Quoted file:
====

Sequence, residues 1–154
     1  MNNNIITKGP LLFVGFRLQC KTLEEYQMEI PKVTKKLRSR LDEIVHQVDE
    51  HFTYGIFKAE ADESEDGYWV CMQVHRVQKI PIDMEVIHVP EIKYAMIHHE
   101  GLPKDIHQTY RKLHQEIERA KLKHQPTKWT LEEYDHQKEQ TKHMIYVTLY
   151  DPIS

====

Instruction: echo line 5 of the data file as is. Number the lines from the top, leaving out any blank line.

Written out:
   151  DPIS